Super Intense Back Workout
Here we are again, with an offbeat training method, because we dig these quasi heretic approaches. The concept is as follows: super-strict repetitions with a slow negative phase and an even slower positive phase. Plus, all exercises are isolation exercises, including deadlift.
Isolated deadlift?! WTF?
The name is quite weird, I agree. How could an exercise be isolated, if it works the full body by nature? Alright, let me tell you a secret: deadlift will never be completely isolated. I mean, “completely”. But, since it is a back program, you can guess what it will be concentrated on.
When does your back work in this exercise? Well, at the lowest point, as you are lifting the bar up from the ground, your legs will do the work. So, first step is to eliminate this phase. Today, there is a power rack in every well-equipped gym. So, all you need to do is to set the safety pins in line with your knees. This will be the starting position.
It there is no power rack, do not despair: pick up the weight from the ground only at the first rep and next time, lower it only to your knees. Please note that stopping the bar at half of the motion range (at your knees) would kill your lower back... if you did this with a heavy weight. But now, the weight does not matter. The goal is to bomb your back muscles to pieces by doing every single rep as strictly as possible.
First, put your ego aside, because you will need to reduce the weights drastically – to about 50% of your one-rep max.
To cut a long story short, let’s see the full routine:
- Sit-ups with leg raises 3x10 reps
- Hyperextensions 3x10 reps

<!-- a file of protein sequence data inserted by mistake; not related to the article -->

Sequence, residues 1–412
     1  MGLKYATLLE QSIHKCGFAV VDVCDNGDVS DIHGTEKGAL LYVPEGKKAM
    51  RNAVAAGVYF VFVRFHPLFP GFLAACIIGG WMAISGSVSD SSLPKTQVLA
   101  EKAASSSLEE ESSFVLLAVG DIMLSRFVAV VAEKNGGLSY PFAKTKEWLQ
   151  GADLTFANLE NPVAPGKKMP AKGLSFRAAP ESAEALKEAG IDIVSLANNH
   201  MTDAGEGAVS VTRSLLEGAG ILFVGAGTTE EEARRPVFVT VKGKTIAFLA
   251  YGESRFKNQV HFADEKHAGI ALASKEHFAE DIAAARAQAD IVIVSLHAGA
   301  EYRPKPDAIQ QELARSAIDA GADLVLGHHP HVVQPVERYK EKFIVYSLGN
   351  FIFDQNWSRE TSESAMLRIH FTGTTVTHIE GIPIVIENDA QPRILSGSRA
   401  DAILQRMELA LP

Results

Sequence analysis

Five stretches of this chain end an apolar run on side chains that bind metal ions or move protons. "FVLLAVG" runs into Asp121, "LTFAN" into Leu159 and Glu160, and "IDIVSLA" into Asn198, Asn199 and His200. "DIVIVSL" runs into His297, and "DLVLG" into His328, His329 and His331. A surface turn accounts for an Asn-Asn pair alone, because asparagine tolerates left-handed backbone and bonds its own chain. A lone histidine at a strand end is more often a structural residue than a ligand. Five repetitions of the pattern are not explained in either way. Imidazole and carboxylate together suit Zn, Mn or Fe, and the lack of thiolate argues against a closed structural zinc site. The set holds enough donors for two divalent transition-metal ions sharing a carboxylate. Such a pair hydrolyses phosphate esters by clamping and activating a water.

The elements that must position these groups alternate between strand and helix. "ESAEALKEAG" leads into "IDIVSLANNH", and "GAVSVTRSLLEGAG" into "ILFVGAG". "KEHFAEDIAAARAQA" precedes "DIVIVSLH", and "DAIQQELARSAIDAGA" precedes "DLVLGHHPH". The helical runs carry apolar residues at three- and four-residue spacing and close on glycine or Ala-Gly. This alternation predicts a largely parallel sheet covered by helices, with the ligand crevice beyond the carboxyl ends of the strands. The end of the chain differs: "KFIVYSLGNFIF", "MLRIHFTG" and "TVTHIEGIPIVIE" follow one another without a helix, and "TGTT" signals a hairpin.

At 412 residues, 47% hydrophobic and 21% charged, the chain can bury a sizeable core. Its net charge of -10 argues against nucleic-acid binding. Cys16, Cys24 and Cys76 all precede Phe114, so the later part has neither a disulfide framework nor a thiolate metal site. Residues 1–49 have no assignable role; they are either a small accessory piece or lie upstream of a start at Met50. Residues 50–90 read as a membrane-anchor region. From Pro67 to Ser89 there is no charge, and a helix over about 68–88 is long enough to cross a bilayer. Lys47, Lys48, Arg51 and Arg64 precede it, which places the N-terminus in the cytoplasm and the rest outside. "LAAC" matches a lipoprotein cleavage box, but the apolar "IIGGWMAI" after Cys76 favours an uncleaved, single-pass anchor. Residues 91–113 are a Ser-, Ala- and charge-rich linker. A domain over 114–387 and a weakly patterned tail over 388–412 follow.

- Concentrated deadlifts, 4x10-12 reps
- Single-arm pulldowns to the chest, 4x10 reps
- “Twisted” rows with low pulley cables, 4x10 reps
Please don’t let the relatively low rep counts mislead you: slowing down the positive phase is of key importance. Forget about explosive technique for a while. If you keep the weight under full control all along, flex your back at the top point and let it stretch fully at the lowest point, it will be quite a challenging workout. You better get a pair of lifting straps or hooks, if you haven’t got any yet, so that you can isolate your back to the maximum possible extent.
Sit-ups with leg raises and hyperextensions are perfect warm-up exercises, which will help you reduce the risk of injury while doing deadlifts. You don’t need to go mad in these two exercises. With so many (or few) reps, you will be far from failure anyway. But in the rest of the exercises, you should reach failure in the last set, so choose the weights accordingly.
Single-arm pulldowns to the chest?
You can hardly see this form in the gym, even though I think it’s quite self-evident: grab a single-handed handle and do pulldowns to the chest with it. You can do it by sitting to the side of a lat pulldown machine, but a simple high pulley will do, too. If you wanna make it even more intense, you might as well do both sides alternatingly, without rest.
Twisted rows are not much different from the traditional machine version, but this small thing will make a big difference: here too, you will need single-handed handles instead of a bar or rope. Your palms should be facing the ground in the starting position. As you are starting to pull your elbow backwards, start to twist your wrist inwards at the same time, as if you were doing single-handed bicep curls. As a result, you can press your back muscles together better in the top position, especially if you flex and hold them for a few seconds.Of course, here too, you can also alternate your arms without rest, if your lungs are strong enough.
What you can expect from this program:
- The slow positive and negative phases make it more than suitable for developing the mind-muscle connection.
- Thanks to the slower and more concentrated form, it pumps an extra amount of oxygen and nutrient-rich blood into your muscles.
- This unusual type of movement is also great for tricking your nervous system, or for shocking, if you have reached a plateau.
If you don’t feel your back while training, or you just want some variety to confuse your body, it is definitely worth a try. The slow negative phase can work magic. Plus, it is also more joint-friendly: your muscles will do more work in each repetition, so they will tire out sooner, and you will need to lower the weights.In other words, less load will be exerted on your joints, while the targeted muscle dies just as it would during a normal workout, or even more ;)
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